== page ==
1.2.4 Refinements and extensions

We also refine and extend our results for monotone networks in three different fashions.

Firstly, some accurate results can be obtained for subfamilies of monotone networks. We say that the network is conjunctive if for all there exists such that . We denote by the set of -component conjunctive networks.

Theorem 6.

For , the maximum fixing length of a member of is .

Secondly, we refine the cubic upper bound for the word fixing all monotone networks by considering the interaction graph. We denote the set of monotone networks whose interaction graph is contained in a directed graph as . Recall that a feedback vertex set of is a set of vertices intersecting every cycle; the minimum size of a feedback vertex set is usually called the transversal number of and denoted . We then prove that the family can be fixed by a word of length . Thus, when we bound the transversal number, the fixing length becomes linear.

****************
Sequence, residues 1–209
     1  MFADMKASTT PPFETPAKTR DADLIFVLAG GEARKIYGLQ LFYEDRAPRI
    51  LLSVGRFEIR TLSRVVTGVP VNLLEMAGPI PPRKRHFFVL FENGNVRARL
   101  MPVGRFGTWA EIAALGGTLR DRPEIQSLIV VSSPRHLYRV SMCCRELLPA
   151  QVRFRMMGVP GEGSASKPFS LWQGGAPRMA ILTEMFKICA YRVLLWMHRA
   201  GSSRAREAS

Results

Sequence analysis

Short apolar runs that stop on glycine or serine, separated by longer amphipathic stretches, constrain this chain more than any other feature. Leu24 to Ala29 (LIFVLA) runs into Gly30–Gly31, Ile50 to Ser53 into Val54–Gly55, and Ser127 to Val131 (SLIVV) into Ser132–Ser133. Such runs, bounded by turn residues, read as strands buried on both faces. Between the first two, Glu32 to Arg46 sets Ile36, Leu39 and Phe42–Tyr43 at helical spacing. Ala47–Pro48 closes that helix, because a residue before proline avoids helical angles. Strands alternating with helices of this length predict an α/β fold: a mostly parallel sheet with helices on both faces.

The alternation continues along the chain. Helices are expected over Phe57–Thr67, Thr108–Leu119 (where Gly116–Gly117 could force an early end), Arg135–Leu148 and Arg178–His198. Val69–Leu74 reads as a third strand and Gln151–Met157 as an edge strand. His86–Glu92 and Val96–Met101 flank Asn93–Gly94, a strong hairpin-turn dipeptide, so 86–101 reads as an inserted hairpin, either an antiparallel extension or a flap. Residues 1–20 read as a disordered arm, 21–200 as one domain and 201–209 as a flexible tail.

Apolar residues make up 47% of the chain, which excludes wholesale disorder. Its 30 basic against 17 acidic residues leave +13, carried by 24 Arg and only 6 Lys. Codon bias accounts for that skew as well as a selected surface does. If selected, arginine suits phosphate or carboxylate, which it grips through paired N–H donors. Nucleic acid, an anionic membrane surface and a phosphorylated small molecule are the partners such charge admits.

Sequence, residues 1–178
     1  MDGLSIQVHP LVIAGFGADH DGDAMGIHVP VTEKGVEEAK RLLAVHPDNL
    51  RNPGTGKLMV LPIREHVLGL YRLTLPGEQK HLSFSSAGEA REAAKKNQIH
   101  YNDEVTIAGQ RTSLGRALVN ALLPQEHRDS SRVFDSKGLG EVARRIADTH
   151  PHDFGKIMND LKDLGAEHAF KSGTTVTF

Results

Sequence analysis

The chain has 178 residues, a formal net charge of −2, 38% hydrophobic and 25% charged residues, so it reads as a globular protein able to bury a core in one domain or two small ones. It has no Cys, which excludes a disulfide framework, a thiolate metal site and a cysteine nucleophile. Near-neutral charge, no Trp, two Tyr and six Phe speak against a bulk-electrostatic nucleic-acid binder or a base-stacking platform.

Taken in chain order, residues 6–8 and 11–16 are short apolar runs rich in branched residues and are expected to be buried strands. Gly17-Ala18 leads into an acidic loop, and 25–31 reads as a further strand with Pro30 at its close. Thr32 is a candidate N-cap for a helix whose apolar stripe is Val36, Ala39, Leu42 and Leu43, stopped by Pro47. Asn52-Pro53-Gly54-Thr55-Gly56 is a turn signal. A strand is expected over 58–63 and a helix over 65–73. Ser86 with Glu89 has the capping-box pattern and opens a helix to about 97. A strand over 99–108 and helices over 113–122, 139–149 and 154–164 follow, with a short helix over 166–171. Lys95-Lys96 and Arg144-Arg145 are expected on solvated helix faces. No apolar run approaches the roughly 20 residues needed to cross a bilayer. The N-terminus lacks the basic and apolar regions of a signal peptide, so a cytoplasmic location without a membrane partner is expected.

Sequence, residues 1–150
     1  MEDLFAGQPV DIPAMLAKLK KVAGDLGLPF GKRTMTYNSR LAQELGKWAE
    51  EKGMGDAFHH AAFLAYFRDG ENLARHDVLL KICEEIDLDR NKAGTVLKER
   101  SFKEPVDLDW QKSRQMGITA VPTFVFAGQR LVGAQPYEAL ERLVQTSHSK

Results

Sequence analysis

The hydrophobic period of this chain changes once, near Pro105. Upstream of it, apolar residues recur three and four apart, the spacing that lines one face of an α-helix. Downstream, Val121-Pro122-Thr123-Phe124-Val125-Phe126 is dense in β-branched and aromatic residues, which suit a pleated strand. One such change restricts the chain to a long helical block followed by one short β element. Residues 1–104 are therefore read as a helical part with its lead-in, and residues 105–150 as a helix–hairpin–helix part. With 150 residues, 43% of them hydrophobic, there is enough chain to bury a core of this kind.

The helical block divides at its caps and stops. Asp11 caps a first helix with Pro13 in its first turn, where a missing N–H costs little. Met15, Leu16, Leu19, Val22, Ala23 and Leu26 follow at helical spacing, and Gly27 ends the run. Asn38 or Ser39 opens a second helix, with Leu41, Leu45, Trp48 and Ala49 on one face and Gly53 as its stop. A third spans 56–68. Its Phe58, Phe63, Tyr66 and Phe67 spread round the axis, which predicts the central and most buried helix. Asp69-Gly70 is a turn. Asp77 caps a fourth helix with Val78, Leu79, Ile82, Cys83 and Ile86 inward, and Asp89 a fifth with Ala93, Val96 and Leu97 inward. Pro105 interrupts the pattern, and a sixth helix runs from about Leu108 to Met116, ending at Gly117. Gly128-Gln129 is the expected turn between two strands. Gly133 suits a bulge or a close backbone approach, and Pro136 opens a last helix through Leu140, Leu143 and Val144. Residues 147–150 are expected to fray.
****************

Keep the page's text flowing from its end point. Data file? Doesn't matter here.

Theorem 7.

Let be a directed graph on with transversal number . There is a word of length that fixes .

On one hand, if is the complete directed graph on , with arcs, then and we obtain a cubic bound, as in Theorem 5. On the other hand, if is acyclic, then , and we obtain an upper-bound of , which is tight according to Theorem 1.